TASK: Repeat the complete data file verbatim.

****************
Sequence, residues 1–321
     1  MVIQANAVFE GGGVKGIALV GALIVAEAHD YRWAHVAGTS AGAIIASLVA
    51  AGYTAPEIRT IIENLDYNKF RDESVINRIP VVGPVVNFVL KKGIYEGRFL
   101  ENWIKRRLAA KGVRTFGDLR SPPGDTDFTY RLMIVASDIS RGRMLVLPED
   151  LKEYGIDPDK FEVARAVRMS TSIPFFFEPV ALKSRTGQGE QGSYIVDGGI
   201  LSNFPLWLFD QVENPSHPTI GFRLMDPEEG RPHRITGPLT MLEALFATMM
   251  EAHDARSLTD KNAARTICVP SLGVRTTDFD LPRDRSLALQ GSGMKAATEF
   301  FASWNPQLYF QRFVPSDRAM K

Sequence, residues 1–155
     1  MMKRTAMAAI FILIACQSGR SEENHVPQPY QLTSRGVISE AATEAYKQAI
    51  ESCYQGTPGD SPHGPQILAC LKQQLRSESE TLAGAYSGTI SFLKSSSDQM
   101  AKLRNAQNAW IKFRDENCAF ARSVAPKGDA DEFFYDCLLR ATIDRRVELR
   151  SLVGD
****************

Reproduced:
Sequence, residues 1–321
     1  MVIQANAVFE GGGVKGIALV GALIVAEAHD YRWAHVAGTS AGAIIASLVA
    51  AGYTAPEIRT IIENLDYNKF RDESVINRIP VVGPVVNFVL KKGIYEGRFL
   101  ENWIKRRLAA KGVRTFGDLR SPPGDTDFTY RLMIVASDIS RGRMLVLPED
   151  LKEYGIDPDK FEVARAVRMS TSIPFFFEPV ALKSRTGQGE QGSYIVDGGI
   201  LSNFPLWLFD QVENPSHPTI GFRLMDPEEG RPHRITGPLT MLEALFATMM
   251  EAHDARSLTD KNAARTICVP SLGVRTTDFD LPRDRSLALQ GSGMKAATEF
   301  FASWNPQLYF QRFVPSDRAM K

Sequence, residues 1–155
     1  MMKRTAMAAI FILIACQSGR SEENHVPQPY QLTSRGVISE AATEAYKQAI
    51  ESCYQGTPGD SPHGPQILAC LKQQLRSESE TLAGAYSGTI SFLKSSSDQM
   101  AKLRNAQNAW IKFRDENCAF ARSVAPKGDA DEFFYDCLLR ATIDRRVELR
   151  SLVGD